Source: Breakfast at Tiffany’s. Directed by Blake Edwards. Performed by Audrey Hepburn and George Peppard. Accessed December 2, 2016.
The film Breakfast at Tiffany’s was released in 1961 and almost immediately became a timeless classic. The main character, Holly Golightly, is a young and somewhat reckless socialite who spends her days in New York going out late, sleeping in, and drinking her worries away. When a new neighbor named Paul Varjak moves in to her apartment building, he and Holly become instant friends. As their connection becomes deeper, Paul realizes that he’s in love with Holly and consequently breaks off his adulterous relationship with a married woman. Though he is initially met with rejection, Holly also realizes that she loves Paul, and the movie ends with the couple kissing in the rain while the audience waits for the credits to roll.
Despite the continuous love story, the most blatant themes don’t necessarily deal with love and romantic relationships. Throughout the film, there are scenes featuring wild parties with ladies and gentlemen alike acting quite promiscuously. There is also the ongoing affair between Paul and his lover, and all the while Paul is occasionally seeing Holly. Thus, a theme from the movie is the sexual freedom of women. At first, this may seem like a liberating shift that it is normal to portray women as sexually free and active. Yet we see in the movie that men feel they are entitled to women’s time and, more importantly, their bodies; there is this notion that a certain amount of good and gentlemanly deeds can be exchanged for sexual pleasure. We saw this concept emerge in the 1920s with the rise of dating; women felt pressured to offer sex as compensation for dates.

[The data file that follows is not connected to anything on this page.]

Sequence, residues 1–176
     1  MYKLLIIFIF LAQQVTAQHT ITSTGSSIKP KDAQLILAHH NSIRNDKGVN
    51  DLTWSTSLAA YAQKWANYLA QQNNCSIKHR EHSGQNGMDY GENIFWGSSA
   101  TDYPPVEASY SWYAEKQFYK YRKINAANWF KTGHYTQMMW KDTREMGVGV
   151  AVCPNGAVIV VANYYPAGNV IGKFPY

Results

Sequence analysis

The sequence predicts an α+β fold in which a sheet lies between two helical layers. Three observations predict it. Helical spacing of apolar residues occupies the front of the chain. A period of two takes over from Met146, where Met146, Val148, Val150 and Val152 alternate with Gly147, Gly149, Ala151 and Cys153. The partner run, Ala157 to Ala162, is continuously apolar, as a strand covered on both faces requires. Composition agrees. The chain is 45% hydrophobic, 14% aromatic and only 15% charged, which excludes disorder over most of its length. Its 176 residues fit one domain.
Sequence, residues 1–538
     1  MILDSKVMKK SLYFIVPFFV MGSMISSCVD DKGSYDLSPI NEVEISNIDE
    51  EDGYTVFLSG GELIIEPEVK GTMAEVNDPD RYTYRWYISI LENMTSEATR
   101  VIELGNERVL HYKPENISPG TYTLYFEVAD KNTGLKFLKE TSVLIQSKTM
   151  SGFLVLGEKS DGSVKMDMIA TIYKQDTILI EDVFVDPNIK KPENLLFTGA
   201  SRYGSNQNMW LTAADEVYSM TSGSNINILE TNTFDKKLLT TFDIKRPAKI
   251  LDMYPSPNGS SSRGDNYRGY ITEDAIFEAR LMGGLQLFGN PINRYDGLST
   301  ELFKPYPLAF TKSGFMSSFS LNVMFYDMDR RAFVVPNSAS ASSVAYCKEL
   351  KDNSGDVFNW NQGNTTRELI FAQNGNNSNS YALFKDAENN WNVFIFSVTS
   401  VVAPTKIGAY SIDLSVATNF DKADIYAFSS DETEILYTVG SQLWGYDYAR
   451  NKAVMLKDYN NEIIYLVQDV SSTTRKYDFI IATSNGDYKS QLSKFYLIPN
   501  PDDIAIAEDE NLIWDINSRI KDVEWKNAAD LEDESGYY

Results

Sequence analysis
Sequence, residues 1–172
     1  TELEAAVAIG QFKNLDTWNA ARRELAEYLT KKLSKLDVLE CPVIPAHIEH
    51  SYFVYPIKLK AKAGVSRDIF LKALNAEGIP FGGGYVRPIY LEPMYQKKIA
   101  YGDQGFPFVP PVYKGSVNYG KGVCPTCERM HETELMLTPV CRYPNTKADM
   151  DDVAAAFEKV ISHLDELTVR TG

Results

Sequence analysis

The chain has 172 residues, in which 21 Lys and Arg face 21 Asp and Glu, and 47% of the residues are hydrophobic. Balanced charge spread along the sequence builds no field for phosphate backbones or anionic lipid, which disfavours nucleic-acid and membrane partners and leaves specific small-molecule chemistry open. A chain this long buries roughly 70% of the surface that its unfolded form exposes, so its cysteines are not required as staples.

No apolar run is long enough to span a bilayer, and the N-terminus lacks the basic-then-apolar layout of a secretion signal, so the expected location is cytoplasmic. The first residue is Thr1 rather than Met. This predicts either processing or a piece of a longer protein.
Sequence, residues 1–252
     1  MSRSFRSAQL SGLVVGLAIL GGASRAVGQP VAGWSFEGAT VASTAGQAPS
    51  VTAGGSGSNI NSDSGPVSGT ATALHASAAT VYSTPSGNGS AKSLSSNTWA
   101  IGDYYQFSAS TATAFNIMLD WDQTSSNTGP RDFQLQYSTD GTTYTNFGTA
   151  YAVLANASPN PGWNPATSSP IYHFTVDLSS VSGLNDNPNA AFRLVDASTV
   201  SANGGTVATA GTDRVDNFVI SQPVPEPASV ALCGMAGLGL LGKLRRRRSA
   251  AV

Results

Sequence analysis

Another theme outside of romance is the constant pursuit of money. Holly makes it her personal mission to find a wealthy man to marry, no matter the cost. Indeed, she was about to move to South America to marry a rich Brazilian man in order to sustain her expensive lifestyle. Her desire for money comes from her desire to surround herself with beautiful things. This theme plays into the idea that women should be beautiful and lovely at all times, never bringing up unpleasant topics or displaying any sort of negative feeling. Holly used wealth in order to fulfill this expectation; her money was a means to keep herself and her environment beautiful.